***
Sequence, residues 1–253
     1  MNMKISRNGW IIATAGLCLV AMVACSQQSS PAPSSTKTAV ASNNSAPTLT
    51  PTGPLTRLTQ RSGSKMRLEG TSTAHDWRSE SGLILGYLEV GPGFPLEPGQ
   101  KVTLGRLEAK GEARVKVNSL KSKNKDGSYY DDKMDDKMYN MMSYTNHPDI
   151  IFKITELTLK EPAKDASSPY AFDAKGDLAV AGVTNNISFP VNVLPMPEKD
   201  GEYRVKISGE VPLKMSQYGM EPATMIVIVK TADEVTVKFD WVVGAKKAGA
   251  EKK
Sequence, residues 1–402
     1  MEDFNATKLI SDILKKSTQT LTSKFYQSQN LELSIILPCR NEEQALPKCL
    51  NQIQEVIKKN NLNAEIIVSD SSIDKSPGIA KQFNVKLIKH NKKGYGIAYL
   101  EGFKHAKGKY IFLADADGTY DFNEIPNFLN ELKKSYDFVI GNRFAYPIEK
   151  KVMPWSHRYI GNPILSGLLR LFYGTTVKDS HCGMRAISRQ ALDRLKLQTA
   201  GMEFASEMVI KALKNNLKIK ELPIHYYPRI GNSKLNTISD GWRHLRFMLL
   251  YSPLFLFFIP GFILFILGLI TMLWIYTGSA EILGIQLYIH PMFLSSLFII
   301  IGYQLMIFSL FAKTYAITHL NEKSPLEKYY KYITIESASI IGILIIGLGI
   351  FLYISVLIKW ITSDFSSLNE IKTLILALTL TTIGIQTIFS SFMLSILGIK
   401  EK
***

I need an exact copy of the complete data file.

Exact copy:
Sequence, residues 1–253
     1  MNMKISRNGW IIATAGLCLV AMVACSQQSS PAPSSTKTAV ASNNSAPTLT
    51  PTGPLTRLTQ RSGSKMRLEG TSTAHDWRSE SGLILGYLEV GPGFPLEPGQ
   101  KVTLGRLEAK GEARVKVNSL KSKNKDGSYY DDKMDDKMYN MMSYTNHPDI
   151  IFKITELTLK EPAKDASSPY AFDAKGDLAV AGVTNNISFP VNVLPMPEKD
   201  GEYRVKISGE VPLKMSQYGM EPATMIVIVK TADEVTVKFD WVVGAKKAGA
   251  EKK
Sequence, residues 1–402
     1  MEDFNATKLI SDILKKSTQT LTSKFYQSQN LELSIILPCR NEEQALPKCL
    51  NQIQEVIKKN NLNAEIIVSD SSIDKSPGIA KQFNVKLIKH NKKGYGIAYL
   101  EGFKHAKGKY IFLADADGTY DFNEIPNFLN ELKKSYDFVI GNRFAYPIEK
   151  KVMPWSHRYI GNPILSGLLR LFYGTTVKDS HCGMRAISRQ ALDRLKLQTA
   201  GMEFASEMVI KALKNNLKIK ELPIHYYPRI GNSKLNTISD GWRHLRFMLL
   251  YSPLFLFFIP GFILFILGLI TMLWIYTGSA EILGIQLYIH PMFLSSLFII
   301  IGYQLMIFSL FAKTYAITHL NEKSPLEKYY KYITIESASI IGILIIGLGI
   351  FLYISVLIKW ITSDFSSLNE IKTLILALTL TTIGIQTIFS SFMLSILGIK
   401  EK